How To Tell If Steel Has Been Galvanized
How can I tell if a piece of steel has been galvanized?
This question was actually received by one of the AGA staff and is a bit out of the ordinary. The question came from an Original Equipment Manufacturer(OEM) of trailers wanting to promote their trailers as using hot-dip galvanized steel in the construction. As it goes, the trailer manufacturer purchases some of the trailer parts from another company. The other company would not tell the trailer Original Equipment Manufacturer (OEM) if the parts were galvanized or not. (Call me suspicious at this point.) The caller indicated she was frustrated with not knowing and thought she could place a magnet on the manufactured part to determine if it was galvanized.
Strictly speaking, zinc is non-magnetic and of course, we use this principle when we measure zinc coating thickness. The tip of the pencil, banana, and electronic measuring device is magnetic and it is attracted to the substrate steel, which of course contains iron which is magnetic. Each gauge is calibrated to measure the space between the magnetic point of the gauge and the steel. However, the fact zinc is non-magnetic doesnt really help the caller out. Zinc can be applied in the form of dust (zinc-rich paint), hot-spray (metalizing), or powder (mechanical peening). Using a magnet or gauge will only determine if there is a zinc coating on top of the steel. And as a matter of fact, the gray coating she sees may be just paint. A film of paint would have a thickness to it.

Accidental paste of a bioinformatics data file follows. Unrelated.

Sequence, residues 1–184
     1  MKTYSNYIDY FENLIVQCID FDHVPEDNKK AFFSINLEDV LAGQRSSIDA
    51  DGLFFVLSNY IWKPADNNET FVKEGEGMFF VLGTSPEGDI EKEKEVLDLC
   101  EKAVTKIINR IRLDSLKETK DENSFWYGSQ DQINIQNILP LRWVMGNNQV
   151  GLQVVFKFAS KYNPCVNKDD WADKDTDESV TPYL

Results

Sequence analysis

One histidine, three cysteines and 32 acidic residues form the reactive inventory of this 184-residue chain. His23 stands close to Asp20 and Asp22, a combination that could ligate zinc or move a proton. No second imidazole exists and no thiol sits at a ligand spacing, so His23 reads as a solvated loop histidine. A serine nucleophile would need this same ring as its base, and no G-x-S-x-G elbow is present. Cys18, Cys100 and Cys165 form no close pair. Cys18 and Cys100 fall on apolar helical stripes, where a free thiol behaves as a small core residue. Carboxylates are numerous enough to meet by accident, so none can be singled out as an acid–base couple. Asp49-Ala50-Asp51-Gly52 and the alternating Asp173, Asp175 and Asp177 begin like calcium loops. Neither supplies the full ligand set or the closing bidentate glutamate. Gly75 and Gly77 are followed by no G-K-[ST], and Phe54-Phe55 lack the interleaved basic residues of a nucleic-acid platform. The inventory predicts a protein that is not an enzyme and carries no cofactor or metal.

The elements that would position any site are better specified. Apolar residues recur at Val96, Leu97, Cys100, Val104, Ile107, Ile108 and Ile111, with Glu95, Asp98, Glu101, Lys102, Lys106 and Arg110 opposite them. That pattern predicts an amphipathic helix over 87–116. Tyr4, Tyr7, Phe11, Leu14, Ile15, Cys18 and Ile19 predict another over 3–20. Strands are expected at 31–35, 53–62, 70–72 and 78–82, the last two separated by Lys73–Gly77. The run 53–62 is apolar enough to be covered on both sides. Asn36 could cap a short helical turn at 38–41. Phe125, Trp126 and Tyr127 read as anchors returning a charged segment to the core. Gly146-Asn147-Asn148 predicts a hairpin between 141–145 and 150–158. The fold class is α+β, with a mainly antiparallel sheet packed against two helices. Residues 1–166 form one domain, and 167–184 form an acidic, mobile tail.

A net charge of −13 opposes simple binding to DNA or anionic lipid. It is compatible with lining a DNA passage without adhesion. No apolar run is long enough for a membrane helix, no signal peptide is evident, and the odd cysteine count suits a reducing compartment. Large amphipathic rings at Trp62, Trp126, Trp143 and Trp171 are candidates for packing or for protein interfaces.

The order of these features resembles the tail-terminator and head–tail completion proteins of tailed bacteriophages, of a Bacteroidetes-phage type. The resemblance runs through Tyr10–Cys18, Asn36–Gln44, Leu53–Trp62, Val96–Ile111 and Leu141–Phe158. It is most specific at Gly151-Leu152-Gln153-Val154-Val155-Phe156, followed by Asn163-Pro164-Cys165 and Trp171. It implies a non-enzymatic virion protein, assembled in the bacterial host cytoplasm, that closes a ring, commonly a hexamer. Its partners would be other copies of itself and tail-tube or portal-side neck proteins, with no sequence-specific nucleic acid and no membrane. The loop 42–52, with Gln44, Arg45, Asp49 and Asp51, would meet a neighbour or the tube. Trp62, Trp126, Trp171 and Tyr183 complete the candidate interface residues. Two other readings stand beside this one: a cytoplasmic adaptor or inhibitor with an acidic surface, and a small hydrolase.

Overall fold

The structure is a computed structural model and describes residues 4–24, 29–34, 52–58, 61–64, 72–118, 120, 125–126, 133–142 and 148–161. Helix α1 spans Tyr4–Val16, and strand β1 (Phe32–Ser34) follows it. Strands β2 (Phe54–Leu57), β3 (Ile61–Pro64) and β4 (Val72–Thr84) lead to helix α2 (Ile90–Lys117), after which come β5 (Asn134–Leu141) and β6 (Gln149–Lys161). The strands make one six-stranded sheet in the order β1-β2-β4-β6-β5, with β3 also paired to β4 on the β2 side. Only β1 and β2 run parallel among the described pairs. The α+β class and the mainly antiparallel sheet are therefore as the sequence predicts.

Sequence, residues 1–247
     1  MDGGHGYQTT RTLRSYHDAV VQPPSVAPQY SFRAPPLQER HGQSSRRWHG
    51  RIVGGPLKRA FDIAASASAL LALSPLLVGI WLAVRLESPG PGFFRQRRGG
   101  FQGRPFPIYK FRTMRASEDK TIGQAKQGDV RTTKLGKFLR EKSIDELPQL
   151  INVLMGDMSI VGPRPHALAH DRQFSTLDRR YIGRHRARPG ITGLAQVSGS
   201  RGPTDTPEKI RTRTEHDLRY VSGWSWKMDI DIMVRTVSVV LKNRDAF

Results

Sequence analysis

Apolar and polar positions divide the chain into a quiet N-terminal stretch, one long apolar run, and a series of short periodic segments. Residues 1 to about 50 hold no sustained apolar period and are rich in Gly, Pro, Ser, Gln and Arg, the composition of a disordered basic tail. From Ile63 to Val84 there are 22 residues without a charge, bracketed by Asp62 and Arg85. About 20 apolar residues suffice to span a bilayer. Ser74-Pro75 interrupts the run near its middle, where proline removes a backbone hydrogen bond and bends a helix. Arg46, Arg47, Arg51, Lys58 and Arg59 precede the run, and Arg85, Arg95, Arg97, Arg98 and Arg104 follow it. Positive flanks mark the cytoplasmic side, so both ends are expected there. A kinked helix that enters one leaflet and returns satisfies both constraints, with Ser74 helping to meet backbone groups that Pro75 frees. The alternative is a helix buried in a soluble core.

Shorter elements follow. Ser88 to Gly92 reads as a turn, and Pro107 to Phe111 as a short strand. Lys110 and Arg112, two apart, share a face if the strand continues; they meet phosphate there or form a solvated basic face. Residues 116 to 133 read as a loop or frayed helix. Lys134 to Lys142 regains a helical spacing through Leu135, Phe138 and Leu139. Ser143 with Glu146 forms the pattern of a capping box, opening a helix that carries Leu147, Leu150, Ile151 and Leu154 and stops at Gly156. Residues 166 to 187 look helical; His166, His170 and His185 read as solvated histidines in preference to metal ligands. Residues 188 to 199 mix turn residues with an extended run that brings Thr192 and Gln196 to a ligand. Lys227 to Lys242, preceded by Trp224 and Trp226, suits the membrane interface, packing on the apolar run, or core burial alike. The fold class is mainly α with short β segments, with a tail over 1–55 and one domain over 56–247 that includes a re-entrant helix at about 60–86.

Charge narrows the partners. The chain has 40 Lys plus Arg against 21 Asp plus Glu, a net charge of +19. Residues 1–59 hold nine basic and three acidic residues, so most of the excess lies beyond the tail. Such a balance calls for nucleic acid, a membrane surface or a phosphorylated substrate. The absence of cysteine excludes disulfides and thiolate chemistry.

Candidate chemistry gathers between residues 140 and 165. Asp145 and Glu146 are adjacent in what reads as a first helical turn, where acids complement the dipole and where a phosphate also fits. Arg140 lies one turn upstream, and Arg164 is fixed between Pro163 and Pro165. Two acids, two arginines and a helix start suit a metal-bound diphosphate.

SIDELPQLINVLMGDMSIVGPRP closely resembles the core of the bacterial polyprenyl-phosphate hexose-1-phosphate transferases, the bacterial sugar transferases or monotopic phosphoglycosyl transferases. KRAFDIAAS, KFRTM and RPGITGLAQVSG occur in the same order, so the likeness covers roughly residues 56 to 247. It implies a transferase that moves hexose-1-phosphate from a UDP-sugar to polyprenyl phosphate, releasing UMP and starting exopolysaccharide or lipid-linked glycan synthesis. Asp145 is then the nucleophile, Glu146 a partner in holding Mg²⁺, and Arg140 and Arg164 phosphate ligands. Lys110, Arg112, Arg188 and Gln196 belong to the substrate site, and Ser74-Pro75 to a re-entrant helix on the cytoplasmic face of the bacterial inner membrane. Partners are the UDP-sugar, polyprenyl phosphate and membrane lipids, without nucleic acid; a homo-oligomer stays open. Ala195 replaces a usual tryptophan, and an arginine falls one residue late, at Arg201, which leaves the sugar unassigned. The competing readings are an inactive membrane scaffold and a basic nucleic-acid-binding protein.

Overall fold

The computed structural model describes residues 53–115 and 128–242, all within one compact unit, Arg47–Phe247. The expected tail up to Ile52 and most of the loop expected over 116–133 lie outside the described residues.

The only real way to determine if the coating is hot-dip galvanized would be to run laboratory testing. One test would be election paramagnetic resonance (EPR), or electron paramagnetic resonance. EPR shows the molecular content of material on an oscilloscope and galvanizing would show up as having high zinc content on the outer surface and zinc and iron content on the inner layers. Mechanical peening and metalizing would show no iron in the coating and zinc-rich paint would contain some binding material. Another method would be to take a cross-section of the coated steel and take a photomicrograph. Galvanizing would show the three intermetallic layers, metalizing and mechanical peening would indicate only pure zinc, and the zinc-rich paint would highlight the bonding material.